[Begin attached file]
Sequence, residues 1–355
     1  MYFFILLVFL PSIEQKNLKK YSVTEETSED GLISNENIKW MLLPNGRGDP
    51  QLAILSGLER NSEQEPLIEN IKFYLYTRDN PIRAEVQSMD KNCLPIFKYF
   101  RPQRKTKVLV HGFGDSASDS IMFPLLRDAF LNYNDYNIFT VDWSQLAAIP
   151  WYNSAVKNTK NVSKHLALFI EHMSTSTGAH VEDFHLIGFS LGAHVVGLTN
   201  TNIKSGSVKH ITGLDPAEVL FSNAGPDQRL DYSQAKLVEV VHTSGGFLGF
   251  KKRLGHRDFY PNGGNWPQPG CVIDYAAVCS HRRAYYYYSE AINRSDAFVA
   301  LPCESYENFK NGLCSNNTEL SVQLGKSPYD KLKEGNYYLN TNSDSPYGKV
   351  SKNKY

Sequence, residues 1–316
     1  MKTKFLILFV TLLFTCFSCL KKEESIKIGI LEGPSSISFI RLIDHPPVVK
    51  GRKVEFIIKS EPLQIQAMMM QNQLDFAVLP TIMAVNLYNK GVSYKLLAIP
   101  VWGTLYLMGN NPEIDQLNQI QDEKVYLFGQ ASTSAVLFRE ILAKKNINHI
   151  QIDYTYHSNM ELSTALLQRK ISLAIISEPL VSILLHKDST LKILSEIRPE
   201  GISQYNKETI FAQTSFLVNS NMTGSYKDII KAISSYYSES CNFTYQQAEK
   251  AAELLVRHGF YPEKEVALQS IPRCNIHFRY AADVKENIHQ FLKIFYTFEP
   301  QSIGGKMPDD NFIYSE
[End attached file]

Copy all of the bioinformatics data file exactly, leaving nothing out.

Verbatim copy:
Sequence, residues 1–355
     1  MYFFILLVFL PSIEQKNLKK YSVTEETSED GLISNENIKW MLLPNGRGDP
    51  QLAILSGLER NSEQEPLIEN IKFYLYTRDN PIRAEVQSMD KNCLPIFKYF
   101  RPQRKTKVLV HGFGDSASDS IMFPLLRDAF LNYNDYNIFT VDWSQLAAIP
   151  WYNSAVKNTK NVSKHLALFI EHMSTSTGAH VEDFHLIGFS LGAHVVGLTN
   201  TNIKSGSVKH ITGLDPAEVL FSNAGPDQRL DYSQAKLVEV VHTSGGFLGF
   251  KKRLGHRDFY PNGGNWPQPG CVIDYAAVCS HRRAYYYYSE AINRSDAFVA
   301  LPCESYENFK NGLCSNNTEL SVQLGKSPYD KLKEGNYYLN TNSDSPYGKV
   351  SKNKY

Sequence, residues 1–316
     1  MKTKFLILFV TLLFTCFSCL KKEESIKIGI LEGPSSISFI RLIDHPPVVK
    51  GRKVEFIIKS EPLQIQAMMM QNQLDFAVLP TIMAVNLYNK GVSYKLLAIP
   101  VWGTLYLMGN NPEIDQLNQI QDEKVYLFGQ ASTSAVLFRE ILAKKNINHI
   151  QIDYTYHSNM ELSTALLQRK ISLAIISEPL VSILLHKDST LKILSEIRPE
   201  GISQYNKETI FAQTSFLVNS NMTGSYKDII KAISSYYSES CNFTYQQAEK
   251  AAELLVRHGF YPEKEVALQS IPRCNIHFRY AADVKENIHQ FLKIFYTFEP
   301  QSIGGKMPDD NFIYSE